First thing’s first: There is no “right” cooking oil. All cooking oils have a purpose and figuring how to match the oil with the preparation and serving method is key to delicious, well-cooked food without breaking the bank.

Consider your finished product. What do you imagine on the plate? A pile of fish & chips? Your CSA basket deconstructed into stir fry? A juicy pork tenderloin straight off the grill? Perhaps something roasted low and slow for a dramatic centerpiece.

Photo courtesy: Cooking Oils

If your cooking temperature is hot and fast, choose an oil with a high smoke point. Smoke point refers to the temperature at which the compounds in the fat begin to deteriorate, turn acrid and possibly carcinogenic. Nothing delicious there. Err on the side of high smoke points for grill, sauté, stir fry and deep fry.

Oils with a high smoke point include canola, soy bean (most often labeled “vegetable oil”), peanut oil, clarified butter (known as ghee in Indian cookery) and the darling of chefs and restaurant kitchens, grapeseed oil.

Consider that when cooking, the oil should not be a flavor component of the final dish. When cooking at high temperatures, grapeseed oil is perfect because it is completely neutral. It is, however, pricy. The next best option is canola, as the flavor addition is minimal and only to the most precise palate. Peanut and soybean are good choices, too; just make sure no one you are serving has an allergy to either.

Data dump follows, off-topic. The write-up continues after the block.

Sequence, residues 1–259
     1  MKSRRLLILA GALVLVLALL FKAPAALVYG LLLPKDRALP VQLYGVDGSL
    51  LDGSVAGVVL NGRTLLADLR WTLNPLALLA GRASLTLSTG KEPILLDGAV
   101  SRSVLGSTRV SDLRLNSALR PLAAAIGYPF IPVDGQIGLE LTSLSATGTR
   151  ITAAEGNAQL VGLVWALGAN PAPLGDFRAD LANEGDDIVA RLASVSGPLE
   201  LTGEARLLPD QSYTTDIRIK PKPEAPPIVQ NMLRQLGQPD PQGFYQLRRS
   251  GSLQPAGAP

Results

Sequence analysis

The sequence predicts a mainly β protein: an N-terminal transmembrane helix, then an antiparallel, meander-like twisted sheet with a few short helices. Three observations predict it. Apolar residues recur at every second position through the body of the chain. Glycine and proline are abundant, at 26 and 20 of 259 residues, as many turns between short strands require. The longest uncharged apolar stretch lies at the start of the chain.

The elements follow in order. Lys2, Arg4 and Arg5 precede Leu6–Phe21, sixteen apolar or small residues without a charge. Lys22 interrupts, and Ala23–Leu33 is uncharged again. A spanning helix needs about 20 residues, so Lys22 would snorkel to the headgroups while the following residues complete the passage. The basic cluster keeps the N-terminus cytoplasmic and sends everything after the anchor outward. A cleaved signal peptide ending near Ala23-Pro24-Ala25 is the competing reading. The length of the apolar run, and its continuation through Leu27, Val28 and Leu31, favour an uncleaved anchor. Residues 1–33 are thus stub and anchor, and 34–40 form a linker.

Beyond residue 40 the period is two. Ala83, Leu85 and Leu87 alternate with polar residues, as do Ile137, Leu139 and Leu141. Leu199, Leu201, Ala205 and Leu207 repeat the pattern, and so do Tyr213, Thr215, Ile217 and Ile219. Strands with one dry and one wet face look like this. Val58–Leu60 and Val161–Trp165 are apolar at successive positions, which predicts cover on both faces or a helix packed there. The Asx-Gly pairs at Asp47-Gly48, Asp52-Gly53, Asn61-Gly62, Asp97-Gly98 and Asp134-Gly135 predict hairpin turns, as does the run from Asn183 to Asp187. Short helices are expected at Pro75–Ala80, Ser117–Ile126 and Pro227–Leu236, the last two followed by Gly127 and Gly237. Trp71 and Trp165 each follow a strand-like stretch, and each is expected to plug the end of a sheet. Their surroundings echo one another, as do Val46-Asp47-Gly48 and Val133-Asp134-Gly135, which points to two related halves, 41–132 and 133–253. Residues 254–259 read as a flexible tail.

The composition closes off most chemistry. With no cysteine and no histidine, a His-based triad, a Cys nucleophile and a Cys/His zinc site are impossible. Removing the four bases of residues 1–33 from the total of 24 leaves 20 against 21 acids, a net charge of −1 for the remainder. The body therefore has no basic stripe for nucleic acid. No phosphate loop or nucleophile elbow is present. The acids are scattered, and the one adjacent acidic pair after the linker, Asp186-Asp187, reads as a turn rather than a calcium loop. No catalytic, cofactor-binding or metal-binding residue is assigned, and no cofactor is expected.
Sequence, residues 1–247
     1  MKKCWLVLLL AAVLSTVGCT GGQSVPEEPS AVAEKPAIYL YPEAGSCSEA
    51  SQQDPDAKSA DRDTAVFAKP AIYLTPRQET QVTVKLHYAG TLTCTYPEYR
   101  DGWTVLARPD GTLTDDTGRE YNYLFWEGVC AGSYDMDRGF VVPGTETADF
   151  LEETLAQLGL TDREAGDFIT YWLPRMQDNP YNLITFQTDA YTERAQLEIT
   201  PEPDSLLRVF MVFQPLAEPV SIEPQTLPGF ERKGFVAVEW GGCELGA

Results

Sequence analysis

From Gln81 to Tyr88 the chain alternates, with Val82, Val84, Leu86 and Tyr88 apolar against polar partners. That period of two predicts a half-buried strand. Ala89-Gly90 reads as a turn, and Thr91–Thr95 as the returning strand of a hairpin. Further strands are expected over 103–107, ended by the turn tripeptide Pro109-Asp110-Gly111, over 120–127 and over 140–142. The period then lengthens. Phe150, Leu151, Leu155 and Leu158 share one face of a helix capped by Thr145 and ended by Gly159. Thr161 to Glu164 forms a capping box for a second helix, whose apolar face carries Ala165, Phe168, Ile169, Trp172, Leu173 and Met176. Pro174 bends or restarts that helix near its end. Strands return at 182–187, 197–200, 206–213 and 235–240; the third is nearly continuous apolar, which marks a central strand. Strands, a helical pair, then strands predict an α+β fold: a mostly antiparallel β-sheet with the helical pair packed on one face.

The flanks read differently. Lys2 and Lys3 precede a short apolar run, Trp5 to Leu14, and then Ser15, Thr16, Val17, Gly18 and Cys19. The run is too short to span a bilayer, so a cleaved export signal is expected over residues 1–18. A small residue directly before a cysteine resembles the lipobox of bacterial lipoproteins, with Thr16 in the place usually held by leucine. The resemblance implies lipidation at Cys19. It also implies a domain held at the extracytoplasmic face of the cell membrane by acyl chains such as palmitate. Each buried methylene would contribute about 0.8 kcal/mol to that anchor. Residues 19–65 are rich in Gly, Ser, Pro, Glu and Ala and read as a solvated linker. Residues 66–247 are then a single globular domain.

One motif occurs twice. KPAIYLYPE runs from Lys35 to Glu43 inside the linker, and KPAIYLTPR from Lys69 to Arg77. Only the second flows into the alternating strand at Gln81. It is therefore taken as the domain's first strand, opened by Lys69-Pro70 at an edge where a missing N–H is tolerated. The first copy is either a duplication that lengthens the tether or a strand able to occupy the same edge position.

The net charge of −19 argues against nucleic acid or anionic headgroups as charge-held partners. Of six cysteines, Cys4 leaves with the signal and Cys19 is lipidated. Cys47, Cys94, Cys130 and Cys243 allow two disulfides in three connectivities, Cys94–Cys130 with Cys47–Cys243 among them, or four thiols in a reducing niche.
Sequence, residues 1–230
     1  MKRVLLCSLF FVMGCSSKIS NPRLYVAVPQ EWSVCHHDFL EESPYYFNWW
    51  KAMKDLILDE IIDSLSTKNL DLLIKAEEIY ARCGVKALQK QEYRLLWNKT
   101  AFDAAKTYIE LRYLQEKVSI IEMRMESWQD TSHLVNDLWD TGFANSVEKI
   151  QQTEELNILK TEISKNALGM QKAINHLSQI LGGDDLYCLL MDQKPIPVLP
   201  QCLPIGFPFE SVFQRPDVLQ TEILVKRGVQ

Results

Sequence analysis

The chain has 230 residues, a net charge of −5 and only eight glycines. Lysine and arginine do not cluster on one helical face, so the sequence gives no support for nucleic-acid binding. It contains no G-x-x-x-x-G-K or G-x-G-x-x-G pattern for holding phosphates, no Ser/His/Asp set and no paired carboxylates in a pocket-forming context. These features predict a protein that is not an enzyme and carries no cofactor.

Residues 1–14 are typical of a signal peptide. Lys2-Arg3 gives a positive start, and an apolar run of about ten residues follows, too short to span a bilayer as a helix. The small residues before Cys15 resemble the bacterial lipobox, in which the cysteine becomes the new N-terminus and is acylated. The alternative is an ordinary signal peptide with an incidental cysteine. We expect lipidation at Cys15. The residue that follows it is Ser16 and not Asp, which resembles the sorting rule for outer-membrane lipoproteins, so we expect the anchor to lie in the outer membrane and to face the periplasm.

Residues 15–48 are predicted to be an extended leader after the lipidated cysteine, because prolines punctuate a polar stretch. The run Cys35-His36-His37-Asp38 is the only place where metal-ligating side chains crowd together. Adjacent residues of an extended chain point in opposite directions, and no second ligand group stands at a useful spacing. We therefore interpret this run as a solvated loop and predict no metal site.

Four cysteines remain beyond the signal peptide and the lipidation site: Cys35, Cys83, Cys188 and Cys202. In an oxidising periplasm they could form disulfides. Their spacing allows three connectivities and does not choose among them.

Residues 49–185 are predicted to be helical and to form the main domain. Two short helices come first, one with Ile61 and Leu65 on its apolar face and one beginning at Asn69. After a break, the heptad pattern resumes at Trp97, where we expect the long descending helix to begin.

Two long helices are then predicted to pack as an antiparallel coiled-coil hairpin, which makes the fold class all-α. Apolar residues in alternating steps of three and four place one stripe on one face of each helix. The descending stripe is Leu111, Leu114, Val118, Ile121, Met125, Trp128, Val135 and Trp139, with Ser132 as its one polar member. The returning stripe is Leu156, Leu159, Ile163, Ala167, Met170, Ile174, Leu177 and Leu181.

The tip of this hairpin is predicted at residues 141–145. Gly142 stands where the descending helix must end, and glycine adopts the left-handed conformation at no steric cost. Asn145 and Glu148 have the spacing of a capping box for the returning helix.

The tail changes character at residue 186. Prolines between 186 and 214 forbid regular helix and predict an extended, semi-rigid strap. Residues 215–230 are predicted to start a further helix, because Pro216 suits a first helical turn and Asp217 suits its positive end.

If your final dish is a slowly braised head of garlic or roasted root vegetables, consider using olive or coconut oil, if you want to incorporate some fine flavor into your dish. Olive oil also makes a delicious baste for a wet rub to smear on a cut of meat before a slow trip though a roasting oven or a smoker. Coconut oil imparts a sweetness and unrefined coconut oil is downright tropical.

Good olive oil however, is expensive. (I’ve been known to smuggle Mason jars through customs, though I don’t recommend that behavior.) While it will work from a technical perspective, why waste your highly prized, small batch, first pressed extra virgin harvested by nuns in Sicily because a smoke point reference website says you can?

Instead, save your finest oils to serve at room temperature, as a garnish. Stir fry your carrots, celery and shrimp in canola or grapeseed oil, and serve with sesame oil drizzled on top. Your Sicilian nuns? Keep that Mason jar for fresh mozzarella, or dressing a finished pasta dish. Salads are extra delicious decorated with delicate nut oils like walnut or hazelnut.

As I said up top, there’s no “right” way to do anything but just because you can ignore your “Check Engine” light, doesn’t mean you should. Consider your preparation and service method and choose oils that bring out the best in your finished dish.

Tell us: Do you use specialty finishing oils? What oils do you like to use and for what occasions? Share them with us below!